Found in the park cans collected and exchanged for yarn to spin into mittens and sweaters that always needed adjusting for me.. and the other babies because we kept growing she says nothing but through that blue, milky eye "I knew better" i see that our world equips us with daggers and guns and spears pointed at ourselves And the greatest trick is to mistake myself as the enemy, Not fights with mirrors or a Disney reflection, no these are words of my own, self-inflicted wounds, injuries we endure and feel but cannot see or hear
they build houses over our bones while we sleep on stones like it was yesterday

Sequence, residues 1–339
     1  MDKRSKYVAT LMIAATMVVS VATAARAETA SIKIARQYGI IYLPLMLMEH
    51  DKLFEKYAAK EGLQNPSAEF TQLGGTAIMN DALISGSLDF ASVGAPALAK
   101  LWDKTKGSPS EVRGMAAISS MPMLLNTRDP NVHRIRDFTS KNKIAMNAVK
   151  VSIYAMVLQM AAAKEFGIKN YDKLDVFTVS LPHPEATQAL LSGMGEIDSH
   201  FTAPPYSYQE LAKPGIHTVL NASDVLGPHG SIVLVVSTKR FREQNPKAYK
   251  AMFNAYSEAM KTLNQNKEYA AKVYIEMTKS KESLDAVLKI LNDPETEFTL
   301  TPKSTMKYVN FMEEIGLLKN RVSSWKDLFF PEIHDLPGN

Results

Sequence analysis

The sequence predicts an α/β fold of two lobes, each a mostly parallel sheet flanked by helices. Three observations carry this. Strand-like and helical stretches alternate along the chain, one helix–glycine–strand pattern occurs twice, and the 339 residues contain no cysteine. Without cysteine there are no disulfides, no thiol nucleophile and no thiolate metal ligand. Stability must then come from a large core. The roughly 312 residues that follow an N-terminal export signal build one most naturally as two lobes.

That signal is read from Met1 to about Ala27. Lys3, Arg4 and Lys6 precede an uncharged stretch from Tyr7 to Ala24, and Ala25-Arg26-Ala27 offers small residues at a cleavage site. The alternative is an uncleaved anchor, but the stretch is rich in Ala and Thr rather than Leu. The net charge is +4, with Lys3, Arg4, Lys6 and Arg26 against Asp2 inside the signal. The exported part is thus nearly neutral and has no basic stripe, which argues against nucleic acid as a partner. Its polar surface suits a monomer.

The colonization of Canada affected many people: First Nations who lost (and are continually losing) their land and homes and cultures and language; Black slaves who are forever tracing their steps back to their ancestry and never told of their own contributions to the colony; Chinese people who were separated from family, and some who were never reunited; Ukrainian, Croatian and Irish people who were never considered “white” until recently. The images in this poem are what I imagine when I learn about the history of Vancouver and colonization. Just as early white settlers stole from Aboriginal people, the state’s colonization of people of colour continues to dominate us through the gentrification and “development” of lands we live – whether it’s the borrowed-but-never-returned sacred land or a viaduct built over the only Black village or expensive buildings pushing out poor Chinese elders. The establishment that is called Canada is largely an occupation of unceded First Nations land. Much of their history and ancestry is left buried beneath the foundations of homes, village halls, museums, stores, restaurants, businesses and properties. So, too with “immigrant” folk. And the great tragedy is we are starting to think of this kind of racism as a relic of yesterday.